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IT WORKS! New [aircraft] parachute saves four lives

  1. May 21, 2004 #1

    Ivan Seeking

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    http://www.theglobeandmail.com/servlet/ArticleNews/TPStory/LAC/20040410/PLANE10/TPNational/Canada

    http://spaceflightnow.com/news/n0211/22parachute/

    [​IMG]

    The technology to apply this to commercial aircraft already exists though the Apollo program. Aviation will never be the same.

    Edit: boy my spelling really sucks when I haven't slept for a day and a night. :yuck:
     
    Last edited: May 21, 2004
  2. jcsd
  3. Jun 8, 2004 #2

    Gokul43201

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    Right, the airline industry is just waiting to spend millions of dollars on extra safety measures.

    Anyway, it was cool to read this as I had previously (a month ago ?) come up with an idea like this (using parachutes) in response to a post by someone who was suggesting firing off a tethered rocket. At the time, I had no idea that it was actually being implemented.
     
  4. Jun 8, 2004 #3

    russ_watters

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    Its really only for private planes. First, they are small, second they fly lower (and hence can't glide as far) and third, they are much more dangerous than airliners.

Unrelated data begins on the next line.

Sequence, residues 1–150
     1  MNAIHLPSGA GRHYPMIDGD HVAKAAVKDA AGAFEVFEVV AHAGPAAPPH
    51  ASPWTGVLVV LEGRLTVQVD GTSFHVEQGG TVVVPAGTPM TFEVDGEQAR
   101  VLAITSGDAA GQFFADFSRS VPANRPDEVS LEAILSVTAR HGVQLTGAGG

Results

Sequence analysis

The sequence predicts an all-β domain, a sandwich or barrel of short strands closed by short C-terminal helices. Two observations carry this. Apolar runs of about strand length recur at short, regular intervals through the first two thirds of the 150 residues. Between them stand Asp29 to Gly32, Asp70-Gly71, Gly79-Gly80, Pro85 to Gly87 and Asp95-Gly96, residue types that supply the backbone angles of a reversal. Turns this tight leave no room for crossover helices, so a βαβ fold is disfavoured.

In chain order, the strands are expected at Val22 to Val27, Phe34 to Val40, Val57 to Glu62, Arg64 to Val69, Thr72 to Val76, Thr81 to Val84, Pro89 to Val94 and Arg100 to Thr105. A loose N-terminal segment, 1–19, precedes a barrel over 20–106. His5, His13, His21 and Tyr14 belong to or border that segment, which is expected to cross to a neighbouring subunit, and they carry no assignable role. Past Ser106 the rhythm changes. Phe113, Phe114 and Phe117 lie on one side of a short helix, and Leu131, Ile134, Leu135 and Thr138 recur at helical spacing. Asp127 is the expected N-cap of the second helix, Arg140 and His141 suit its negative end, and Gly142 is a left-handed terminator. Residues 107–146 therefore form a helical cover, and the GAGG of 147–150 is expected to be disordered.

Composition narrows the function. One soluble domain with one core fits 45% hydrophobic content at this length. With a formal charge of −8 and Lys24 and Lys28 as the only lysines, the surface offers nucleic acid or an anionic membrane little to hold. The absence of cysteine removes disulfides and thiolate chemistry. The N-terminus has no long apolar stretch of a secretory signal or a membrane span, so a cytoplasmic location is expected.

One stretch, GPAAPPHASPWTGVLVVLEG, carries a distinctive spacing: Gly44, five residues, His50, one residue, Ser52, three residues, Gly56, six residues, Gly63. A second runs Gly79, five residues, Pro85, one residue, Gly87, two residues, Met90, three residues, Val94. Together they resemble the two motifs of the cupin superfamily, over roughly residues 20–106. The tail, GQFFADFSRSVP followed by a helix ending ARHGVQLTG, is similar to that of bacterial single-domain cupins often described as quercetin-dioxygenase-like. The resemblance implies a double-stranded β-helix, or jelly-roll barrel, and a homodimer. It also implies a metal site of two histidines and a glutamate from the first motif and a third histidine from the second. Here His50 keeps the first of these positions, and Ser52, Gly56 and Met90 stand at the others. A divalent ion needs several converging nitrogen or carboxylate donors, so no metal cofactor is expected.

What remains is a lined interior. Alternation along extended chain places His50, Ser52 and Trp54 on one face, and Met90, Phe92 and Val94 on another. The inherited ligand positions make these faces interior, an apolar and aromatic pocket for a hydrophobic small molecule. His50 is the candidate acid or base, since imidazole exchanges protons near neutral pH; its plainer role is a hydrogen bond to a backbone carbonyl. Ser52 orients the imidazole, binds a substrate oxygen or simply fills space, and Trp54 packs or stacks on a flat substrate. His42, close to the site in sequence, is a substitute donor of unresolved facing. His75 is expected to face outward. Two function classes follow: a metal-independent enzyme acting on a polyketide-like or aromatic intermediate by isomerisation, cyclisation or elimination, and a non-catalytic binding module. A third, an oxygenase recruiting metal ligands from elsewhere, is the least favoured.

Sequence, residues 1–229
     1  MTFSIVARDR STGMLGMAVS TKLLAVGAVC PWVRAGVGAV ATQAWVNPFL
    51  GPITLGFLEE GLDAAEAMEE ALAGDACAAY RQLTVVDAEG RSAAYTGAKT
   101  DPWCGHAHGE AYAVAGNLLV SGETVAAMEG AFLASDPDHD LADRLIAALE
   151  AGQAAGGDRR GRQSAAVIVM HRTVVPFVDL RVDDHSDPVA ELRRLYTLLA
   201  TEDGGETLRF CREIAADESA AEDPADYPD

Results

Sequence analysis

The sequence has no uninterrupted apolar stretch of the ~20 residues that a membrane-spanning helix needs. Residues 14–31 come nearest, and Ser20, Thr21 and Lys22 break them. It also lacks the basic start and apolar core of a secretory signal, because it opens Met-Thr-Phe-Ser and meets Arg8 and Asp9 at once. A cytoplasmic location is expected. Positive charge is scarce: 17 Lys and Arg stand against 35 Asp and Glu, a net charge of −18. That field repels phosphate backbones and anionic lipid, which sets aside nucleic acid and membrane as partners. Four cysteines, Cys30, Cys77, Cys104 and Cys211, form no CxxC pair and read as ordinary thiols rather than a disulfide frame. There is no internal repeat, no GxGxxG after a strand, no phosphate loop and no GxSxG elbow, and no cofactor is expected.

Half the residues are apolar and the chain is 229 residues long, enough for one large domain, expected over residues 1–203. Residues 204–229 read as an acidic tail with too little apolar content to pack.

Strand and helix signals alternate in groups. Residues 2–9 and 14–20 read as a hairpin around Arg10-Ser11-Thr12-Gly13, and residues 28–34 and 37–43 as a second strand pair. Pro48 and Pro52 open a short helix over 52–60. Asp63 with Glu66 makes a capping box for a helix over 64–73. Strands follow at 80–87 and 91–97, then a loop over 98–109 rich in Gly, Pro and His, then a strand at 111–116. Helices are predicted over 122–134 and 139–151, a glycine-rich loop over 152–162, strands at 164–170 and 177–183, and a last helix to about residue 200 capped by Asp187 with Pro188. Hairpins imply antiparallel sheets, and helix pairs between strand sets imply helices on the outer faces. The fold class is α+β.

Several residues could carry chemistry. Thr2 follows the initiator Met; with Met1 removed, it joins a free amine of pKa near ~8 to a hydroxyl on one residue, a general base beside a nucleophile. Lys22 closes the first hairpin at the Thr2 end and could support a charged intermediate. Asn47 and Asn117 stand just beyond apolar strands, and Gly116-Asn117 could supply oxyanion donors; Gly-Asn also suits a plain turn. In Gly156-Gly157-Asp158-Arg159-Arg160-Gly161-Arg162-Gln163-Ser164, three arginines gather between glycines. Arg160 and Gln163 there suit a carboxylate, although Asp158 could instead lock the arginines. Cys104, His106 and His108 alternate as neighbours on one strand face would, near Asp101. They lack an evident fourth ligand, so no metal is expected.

I can think of only two incidents in recent memory where this type of system might have made a difference: the last airliner crash (Nov 2001) in the US was an airbus that had its tail rip off causing it to frisbee in. About 10 years ago, an Alaska-air MD-80 or similar plane had a control malfunction in the tail.

    There are so few airliner crashes that this may be useful for that it doesn't seem worth it for me.
     
    Last edited: Jun 8, 2004
  5. Jun 8, 2004 #4
    Err, I'm sure you would have the same opinion if your loved one died on the plane that could have had the parachute, but it just wasn't "worth-it."
     
  6. Jun 8, 2004 #5

    Ivan Seeking

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    First, not to create any confusion, these are only in use with small aircraft. The system used for re-entry by the Apollo progam can allegedly be modified to work for a commercial aircraft but the economic and engineering problems are obvious. Still, the initial objections [not made here] that such a system couldn't be made are already addressed. It seems that this can be done. I haven't even had time to look at the statistics but here is a link for an air crash database.

    http://www.crashdatabase.com/
     
  7. Jun 8, 2004 #6

    Ivan Seeking

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    What about the planes from 911? This would provide an option of last resort should control of the plane be seriously threatened. This does imply a hefty benefit to cost ratio.
     
  8. Jun 9, 2004 #7

    russ_watters

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    Well, I dunno - with the money spent on parachutes in a thousand planes, how many more cars could have airbags? Or if you're really into airline safety, how about collision avoidence (ground and in the air) or wind-shear detection. Or we could upgrade our air traffic control computers (the only computers in the country that still need vacuum tubes). Deciding what to spend money on is about weighing risks: the risk of dying in an airliner crash isn't even in the top 100 of the most likely ways you'll die, somewhat below the risk of being killed by lightning. Its not worth worrying about. The only reason people do worry about it but don't worry about dying in a car crash (depending on your age, its in the top 5 of most likely ways you'll die) is because plane crashes, as rare as they are, are more spectacular.